He shared with us that he had won a competition at Harvard with a business plan for a ride-hailing service called MyTeksi and were building it to a real company. We asked why he wanted to do this. He was the youngest of three sons to a wealthy and influential family in Malaysia. He told us about his grandfather Tan Chong. Before building an influential automobile empire in Malaysia, Tan Chong was a cab driver. This image of the humble cab driver served as Anthony’s inspiration to make life better for cab drivers – after all, they were vital to driving a convenient experience for customers. While he was telling us this, I could sense this fierce determination to succeed and prove his worth beyond the family he was born into.
Anthony never wanted to sponge off his family’s business or fortune – he wanted to strike out on his own and make a name for himself. His inner drive stuck with me and I decided to take a serious look into the company.
After a visit to Malaysia where Grab was operating at the time, we decided to lead Grab’s Series B with me joining the board.
There was a lot of buzz about ride-hailing at the time – you had Uber and Lyft in the US and Didi and Kuaidi in China. We all saw how they amassed so much capital in such a short time frame – it was pretty scary to see just how much you needed to build such businesses. I won’t deny that Southeast Asia is a tricky region to work with. For one, it’s smaller than the US and China. Furthermore, the region is split into eleven different countries, which are further fragmented by their diversity of laws, cultures, religions, languages, and so on. This market is small yet complex – so why bother, right?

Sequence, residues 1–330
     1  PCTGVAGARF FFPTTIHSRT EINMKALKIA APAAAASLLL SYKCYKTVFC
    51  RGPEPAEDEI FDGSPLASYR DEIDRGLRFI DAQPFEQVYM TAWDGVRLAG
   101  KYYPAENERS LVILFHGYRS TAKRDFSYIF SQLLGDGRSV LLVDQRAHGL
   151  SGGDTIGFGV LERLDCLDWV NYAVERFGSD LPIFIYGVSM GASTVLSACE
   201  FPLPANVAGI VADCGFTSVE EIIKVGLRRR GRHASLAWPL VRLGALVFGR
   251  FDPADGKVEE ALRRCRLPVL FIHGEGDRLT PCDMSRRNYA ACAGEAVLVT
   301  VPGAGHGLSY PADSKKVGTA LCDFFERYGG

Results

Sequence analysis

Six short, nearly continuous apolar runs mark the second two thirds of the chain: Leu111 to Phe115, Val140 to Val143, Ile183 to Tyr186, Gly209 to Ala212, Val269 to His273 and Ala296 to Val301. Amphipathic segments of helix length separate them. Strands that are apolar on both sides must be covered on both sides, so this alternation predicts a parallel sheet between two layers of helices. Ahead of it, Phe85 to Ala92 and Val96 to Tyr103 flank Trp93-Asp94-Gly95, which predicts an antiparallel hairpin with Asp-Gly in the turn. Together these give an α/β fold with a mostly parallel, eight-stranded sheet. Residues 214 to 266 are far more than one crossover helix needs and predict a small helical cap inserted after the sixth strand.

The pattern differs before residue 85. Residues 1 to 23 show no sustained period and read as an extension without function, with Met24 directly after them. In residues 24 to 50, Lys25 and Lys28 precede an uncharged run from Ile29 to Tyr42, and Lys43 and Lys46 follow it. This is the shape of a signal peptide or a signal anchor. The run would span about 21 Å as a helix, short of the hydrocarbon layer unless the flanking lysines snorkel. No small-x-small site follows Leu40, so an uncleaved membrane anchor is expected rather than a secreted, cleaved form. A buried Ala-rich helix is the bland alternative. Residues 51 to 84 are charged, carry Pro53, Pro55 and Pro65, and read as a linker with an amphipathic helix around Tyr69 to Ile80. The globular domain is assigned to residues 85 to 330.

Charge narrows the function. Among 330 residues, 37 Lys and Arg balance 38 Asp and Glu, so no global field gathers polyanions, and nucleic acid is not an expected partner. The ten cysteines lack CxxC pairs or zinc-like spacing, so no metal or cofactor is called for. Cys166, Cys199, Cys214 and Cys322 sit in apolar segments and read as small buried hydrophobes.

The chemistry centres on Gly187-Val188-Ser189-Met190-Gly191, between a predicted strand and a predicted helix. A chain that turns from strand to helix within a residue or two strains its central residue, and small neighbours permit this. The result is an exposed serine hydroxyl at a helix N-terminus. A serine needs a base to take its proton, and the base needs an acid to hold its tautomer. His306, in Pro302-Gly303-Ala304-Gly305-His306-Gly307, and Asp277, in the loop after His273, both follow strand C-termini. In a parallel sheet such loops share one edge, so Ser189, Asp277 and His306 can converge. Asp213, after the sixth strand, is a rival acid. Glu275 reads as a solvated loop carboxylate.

But I still stuck with my guns and chose Anthony and Grab. I found an opportunity within the complexity. In so many ways, Anthony is different – he has strong connections in the region that give him a considerable edge. His Harvard education in the US also means that he has a diverse talent network to tap on. He had classmates from the Philippines, Vietnam, Indonesia – all key markets in Southeast Asia. This helped him to assemble the talent he needed to address Southeast Asia’s market fragmentation.
So later, Anthony led the charge to transform Grab from a ride-hailing app to a superapp. A lot of it boiled down to the implementation of an e-wallet into Grab. I drilled this idea of creating an e-wallet at board meetings for years because I knew that Grab was very well positioned to do it. Similar to how Alibaba’s power comes from the seamless payment experience through Ant Financial and Alipay, Grab needed to venture into payments to grow its business.
As I told Tech in Asia in a piece on GGV’s relationship with Grab, “Grab has to grow into new services. It has to become a lifestyle gateway going beyond ride-sharing. That’s the position they should take in order for them to continue to enhance their service offering and gain value at the same time.”
I am grateful to have had the opportunity to join Anthony on his journey to transform Grab from a simple ride-hailing app into Southeast Asia’s dominant superapp. I look forward to continuing to walk down this path with Anthony to bring Grab to new heights in the future.
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This post was originally published on Jixun Foo’s personal LinkedIn page.